• Skills decrease
    • Blunt, evasive, answers unconnected to matter at hand
    • Will arouse officer instincts
    • Guileless v. trickery/deceit
    • Sophisticated echolalia
    • Authority figure/friend
    • Concrete thinker easily misled
    • Usually poor liars--test for lying skills
  • Tips for Interviewers
    • Seek advice of prosecutor
    • Consider contacting a specialist
    • Be sure person understands legal rights. Saying yes is not the same as understanding
    • Avoid confusion. Ask questions that rely on narrative
    • Ask series of unrelated yes/no questions to determine style & dependability
    • Follow gut instincts-- if statement/confession is too good to be true, it probably is
  • Situations where people with autism may be perfect victims
    • Disability harassment--teasing, bullying & torment
    • Street crimes--bad guys select perfect victims
    • Gangs
    • Hate crimes
    • Adult care
    • Sex crimes
    • Restraint techniques
    • Victim-witness interviews
  • Victim-Witness Interviews
    • Preparation--discuss with prosecutor
    • Seek records
    • Interview others with knowledge away from scene
    • Establish/look for patterns of abuse
    • Consider two victim interviews
    • Leave your feelings at the door
    • Videotape? May induce guilty plea
    • Avoid authority clothes; relaxed venue, short time spans
    • Do words have same meaning?
    • Establish alternative timelines-personal schedule
    • Be alert to fatigue
    • Pre-test for truth telling
  • Proactive Options
    • 911 Flagging
    • Develop & carry handout
    • Know your neighbors
    • Recognize risks associated with having autism
    • Form partnerships for recognition and response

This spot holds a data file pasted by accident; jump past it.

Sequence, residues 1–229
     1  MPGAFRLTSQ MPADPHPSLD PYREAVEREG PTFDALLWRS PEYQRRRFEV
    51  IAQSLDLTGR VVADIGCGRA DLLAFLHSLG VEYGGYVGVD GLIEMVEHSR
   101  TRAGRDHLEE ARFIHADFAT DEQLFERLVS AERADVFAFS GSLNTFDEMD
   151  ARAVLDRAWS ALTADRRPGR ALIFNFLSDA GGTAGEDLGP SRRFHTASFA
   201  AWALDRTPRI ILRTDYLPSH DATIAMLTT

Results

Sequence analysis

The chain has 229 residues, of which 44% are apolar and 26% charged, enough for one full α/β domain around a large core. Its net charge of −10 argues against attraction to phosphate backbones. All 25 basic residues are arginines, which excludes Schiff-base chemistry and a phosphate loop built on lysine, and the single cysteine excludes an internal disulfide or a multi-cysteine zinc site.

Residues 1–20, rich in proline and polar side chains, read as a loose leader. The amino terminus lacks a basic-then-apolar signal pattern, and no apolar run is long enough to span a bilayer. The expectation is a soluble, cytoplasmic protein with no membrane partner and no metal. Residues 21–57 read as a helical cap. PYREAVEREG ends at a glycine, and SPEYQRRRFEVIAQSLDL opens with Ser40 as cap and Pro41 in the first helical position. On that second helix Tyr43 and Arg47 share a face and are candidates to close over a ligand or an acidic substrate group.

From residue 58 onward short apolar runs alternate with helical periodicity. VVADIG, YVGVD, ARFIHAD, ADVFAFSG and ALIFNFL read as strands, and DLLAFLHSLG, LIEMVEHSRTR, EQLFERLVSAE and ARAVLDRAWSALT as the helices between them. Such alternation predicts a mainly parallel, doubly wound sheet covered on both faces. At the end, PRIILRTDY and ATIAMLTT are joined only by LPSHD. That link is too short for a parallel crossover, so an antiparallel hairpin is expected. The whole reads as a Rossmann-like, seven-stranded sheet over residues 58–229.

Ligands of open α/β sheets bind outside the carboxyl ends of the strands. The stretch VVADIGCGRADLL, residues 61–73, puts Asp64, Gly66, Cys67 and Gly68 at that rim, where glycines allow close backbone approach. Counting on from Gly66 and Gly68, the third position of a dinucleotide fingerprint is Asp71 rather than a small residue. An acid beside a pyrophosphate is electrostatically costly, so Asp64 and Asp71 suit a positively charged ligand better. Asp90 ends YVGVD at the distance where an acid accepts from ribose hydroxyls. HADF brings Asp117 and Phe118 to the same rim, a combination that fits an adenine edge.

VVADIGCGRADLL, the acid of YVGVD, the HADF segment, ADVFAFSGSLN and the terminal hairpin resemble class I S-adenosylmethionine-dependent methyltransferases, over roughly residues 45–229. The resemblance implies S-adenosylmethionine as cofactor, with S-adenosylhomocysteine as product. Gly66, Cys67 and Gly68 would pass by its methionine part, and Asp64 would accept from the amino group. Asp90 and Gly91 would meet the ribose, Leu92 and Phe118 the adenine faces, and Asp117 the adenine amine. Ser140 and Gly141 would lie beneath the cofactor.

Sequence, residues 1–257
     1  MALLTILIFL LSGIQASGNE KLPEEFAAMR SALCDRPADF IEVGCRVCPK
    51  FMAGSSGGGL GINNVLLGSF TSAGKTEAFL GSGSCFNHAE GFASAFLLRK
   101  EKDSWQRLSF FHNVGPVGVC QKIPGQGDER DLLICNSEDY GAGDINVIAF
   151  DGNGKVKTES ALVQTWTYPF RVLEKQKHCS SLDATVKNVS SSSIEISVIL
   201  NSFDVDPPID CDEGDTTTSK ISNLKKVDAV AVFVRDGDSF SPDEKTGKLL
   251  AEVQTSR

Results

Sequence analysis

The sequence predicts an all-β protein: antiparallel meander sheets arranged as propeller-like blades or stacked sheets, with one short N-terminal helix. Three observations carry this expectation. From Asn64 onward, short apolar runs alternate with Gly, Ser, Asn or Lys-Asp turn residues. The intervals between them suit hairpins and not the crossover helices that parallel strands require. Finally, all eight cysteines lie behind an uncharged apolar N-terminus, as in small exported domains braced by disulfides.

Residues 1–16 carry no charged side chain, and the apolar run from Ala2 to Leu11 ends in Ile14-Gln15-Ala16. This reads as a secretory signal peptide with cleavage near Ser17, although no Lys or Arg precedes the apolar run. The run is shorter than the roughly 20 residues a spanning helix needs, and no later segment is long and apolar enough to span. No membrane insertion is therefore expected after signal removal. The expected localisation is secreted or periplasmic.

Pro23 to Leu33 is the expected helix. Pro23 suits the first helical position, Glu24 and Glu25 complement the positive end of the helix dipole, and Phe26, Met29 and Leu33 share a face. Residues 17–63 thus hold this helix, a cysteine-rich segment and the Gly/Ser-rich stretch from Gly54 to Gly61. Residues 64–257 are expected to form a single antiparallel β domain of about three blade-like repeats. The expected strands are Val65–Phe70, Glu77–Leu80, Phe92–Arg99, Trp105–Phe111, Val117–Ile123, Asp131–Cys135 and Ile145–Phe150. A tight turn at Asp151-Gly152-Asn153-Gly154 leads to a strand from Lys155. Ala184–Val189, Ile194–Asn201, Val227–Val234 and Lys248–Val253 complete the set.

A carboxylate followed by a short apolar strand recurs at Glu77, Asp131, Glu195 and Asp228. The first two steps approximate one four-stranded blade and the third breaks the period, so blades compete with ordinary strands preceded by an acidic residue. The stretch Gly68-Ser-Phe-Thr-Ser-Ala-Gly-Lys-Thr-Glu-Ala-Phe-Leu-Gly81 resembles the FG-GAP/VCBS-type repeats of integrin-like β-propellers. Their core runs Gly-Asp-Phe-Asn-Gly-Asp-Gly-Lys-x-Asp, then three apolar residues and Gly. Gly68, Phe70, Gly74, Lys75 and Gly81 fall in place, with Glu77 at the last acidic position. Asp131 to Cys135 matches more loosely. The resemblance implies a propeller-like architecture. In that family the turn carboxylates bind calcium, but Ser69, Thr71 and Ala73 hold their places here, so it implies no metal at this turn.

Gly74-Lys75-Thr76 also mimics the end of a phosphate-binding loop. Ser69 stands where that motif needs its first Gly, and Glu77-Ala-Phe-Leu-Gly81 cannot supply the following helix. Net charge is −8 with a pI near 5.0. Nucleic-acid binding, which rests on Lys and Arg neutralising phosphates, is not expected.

• Cross educate law enforcers and students who have autism
  • Educational Partnerships
    • Deliver early, often, suited to age and ability, through IEP
    • May run, have difficulty adjusting to new situations
    • Fear of uniform, badges, equipment,vehicles
    • Demystify responders
    • Police/first responders are moms, dads and neighbors
    • Don’t run from safe, go to people
    • Learn constitutional right to remain silent & ask for attorney
    • How to call for or seek help
    • Not make sudden movements
    • How to remain calm
    • Carry & show ID
    • Through mock interviews
    • Reduce stress of sudden encounters
    • Consider video for visual learners
    • Learn from each other how to recognize and respond
    • Cross-develop key skills applied throughout careers & lifetimes
  • Programs
    • Community policing philosophy & programs
    • 911 Red Flags
    • Task forces
    • Establish CIT, or multi-jurisdictional investigative unit? Consider first any interested volunteers, experienced personnel, rotate & educate others
    • Identify issues & establish two-way communications, work through barriers
    • Improve citizen & law enforcement recognition and response
  • Summary
    • Law enforcement officers/emergency response professionals can enhance public safety & officer safety and potentially reduce their own exposure to liability when we help them:
      • recognize risks associated with autism
      • apply tolerance and public relation skills in situations with people that may have autism
      • know best ways to get information from people with autism, and assistance from families, caseworkers, and organizations
  • ????Questions????
    • Thank You for Being a Great Audience!! Contact Information: Dennis Debbaudt ddpi @flash.net 772-398-9756 http://policeandautism.cjb.net/ http://www.autismriskmanagement.com/